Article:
Currently on Display - The Silk Road
Exhibition Dates and Hours:
January 22-March 15, 2024
M-F, 8 a.m.- 5 p.m. & Thursday evenings in February from 5 p.m.-7 p.m.
Special hours for March 14, 2024 for Five Nights on Campus: Open until 9 p.m.
Monday, January 22, 12:30 p.m.
About the exhibition
Examine the textiles that gave the Silk Road its name, and travel across the trade routes that connected the cultures of Afro-Eurasia for centuries. The Silk Road exhibit weaves together the brilliant colors and feather-light textures of silks from China, India, the Islamic world, and Europe, telling the story of silk and the history of movement across empires and time. Historic textiles, jades, and jewels from the 1400’s to the present illuminate the origins of commerce and connections in the Old World and provide design inspiration for today. Featuring luxurious gowns, religious banners, brocades, saris and the designer fashions of Oscar de la Renta and Dior.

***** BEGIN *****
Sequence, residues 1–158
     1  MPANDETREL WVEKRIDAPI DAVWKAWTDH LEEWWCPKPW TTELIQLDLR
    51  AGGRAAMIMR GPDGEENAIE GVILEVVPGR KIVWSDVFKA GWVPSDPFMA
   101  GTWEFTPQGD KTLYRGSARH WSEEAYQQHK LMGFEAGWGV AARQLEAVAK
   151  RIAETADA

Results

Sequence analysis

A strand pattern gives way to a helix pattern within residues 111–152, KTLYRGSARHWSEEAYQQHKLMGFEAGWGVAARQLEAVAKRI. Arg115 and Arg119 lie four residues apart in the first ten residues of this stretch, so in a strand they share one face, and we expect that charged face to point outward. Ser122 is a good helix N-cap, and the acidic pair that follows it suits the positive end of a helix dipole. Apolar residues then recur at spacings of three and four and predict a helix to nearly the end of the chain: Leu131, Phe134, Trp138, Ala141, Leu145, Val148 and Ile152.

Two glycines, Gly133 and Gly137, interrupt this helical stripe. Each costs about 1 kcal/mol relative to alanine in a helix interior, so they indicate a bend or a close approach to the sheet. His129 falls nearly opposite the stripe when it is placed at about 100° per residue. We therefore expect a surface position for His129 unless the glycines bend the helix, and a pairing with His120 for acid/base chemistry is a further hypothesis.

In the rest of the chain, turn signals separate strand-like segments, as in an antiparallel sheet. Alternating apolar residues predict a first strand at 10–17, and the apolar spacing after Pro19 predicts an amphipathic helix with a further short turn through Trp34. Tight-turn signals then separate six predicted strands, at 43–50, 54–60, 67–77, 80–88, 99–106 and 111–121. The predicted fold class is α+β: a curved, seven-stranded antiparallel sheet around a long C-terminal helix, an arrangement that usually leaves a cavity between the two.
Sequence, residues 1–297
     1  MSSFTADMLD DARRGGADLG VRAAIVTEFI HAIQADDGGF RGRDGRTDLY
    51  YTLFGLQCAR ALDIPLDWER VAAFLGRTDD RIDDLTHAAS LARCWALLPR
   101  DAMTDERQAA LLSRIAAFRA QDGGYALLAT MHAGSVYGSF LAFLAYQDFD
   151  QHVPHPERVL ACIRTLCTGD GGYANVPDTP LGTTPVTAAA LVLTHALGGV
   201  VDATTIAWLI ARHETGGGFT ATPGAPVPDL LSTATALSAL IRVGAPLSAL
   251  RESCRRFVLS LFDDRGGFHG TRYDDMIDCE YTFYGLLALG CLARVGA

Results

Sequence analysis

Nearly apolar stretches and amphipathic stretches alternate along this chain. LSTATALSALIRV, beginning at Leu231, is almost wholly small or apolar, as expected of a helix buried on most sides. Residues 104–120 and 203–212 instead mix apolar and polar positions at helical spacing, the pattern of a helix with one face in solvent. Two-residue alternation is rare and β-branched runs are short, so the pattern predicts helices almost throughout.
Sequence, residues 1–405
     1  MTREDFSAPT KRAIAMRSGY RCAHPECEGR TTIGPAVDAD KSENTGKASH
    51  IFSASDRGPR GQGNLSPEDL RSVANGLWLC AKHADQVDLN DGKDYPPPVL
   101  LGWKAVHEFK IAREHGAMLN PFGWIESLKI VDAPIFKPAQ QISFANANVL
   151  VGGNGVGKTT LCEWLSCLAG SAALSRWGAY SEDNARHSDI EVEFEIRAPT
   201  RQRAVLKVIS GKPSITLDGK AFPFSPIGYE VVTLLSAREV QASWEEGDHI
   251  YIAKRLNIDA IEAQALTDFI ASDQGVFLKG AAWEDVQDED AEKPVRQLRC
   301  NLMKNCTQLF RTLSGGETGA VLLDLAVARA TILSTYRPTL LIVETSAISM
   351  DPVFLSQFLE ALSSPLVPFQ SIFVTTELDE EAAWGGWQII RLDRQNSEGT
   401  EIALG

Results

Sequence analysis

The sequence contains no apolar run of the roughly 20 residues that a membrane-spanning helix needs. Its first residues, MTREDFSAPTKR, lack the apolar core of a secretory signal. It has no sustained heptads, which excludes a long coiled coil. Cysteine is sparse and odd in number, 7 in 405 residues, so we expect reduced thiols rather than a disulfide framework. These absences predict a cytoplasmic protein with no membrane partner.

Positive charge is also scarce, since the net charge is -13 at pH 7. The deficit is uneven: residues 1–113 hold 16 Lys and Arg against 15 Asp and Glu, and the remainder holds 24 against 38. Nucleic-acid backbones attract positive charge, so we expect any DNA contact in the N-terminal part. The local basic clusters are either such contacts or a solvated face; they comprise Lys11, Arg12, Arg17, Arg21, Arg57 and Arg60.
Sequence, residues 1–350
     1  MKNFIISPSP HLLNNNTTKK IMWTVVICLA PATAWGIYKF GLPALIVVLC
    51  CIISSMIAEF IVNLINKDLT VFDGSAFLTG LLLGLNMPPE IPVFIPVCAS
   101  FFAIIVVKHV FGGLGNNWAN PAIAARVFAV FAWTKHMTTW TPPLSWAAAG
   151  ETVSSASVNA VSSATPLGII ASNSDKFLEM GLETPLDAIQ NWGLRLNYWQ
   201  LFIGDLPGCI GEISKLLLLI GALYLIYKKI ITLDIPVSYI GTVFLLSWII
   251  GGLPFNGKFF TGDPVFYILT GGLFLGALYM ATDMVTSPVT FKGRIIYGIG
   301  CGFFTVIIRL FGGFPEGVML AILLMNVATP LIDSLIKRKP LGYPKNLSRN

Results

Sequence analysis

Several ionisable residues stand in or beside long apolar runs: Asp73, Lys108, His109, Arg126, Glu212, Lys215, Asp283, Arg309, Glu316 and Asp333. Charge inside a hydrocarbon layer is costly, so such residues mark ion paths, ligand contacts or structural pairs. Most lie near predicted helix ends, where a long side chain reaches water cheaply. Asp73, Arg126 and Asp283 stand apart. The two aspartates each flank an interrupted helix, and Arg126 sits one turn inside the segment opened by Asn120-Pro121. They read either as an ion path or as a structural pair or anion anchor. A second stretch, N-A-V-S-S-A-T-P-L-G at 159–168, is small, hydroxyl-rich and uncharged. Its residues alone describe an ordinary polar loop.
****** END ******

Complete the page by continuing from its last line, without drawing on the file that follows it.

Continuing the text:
The textiles, jewelry, and gemstones featured in The Silk Road exhibit are on loan from The Ohio State University’s Historic Costumes and Textiles Collection, the Orton Geological Museum, and the Department of History. Donated by private collectors, Ohio families, the government of Uzbekistan or collected directly by Ohio State faculty and curators, the materials in the exhibit tell a wide-ranging visual story about the origins of the Silk Road and cross-cultural commerce across Afro-Eurasia. Jades from China and Southeast Asia, incense from the Mideast, and precious stones collected by the famed seventeenth-century gem-trader and diamantaire, Jean-Baptiste Tavernier, in his journeys across Asia and the Islamic world showcase the non-textile materials that circulated on the Silk Road. Exquisite silk textiles from the late medieval to modern periods from the entire geographic expanse of the trade routes map the spread of silk technology and design across the globe. The ethics of Orientalist collecting in the colonial period are also explored in a reproduction of images of looted art from the cave walls of the Buddhist grottoes of Mogao, China, and in a replica of the Hope Diamond, the largest remnant of the most infamous of the Tavernier gems of Indian origin, Louis XIV’s Blue Diamond.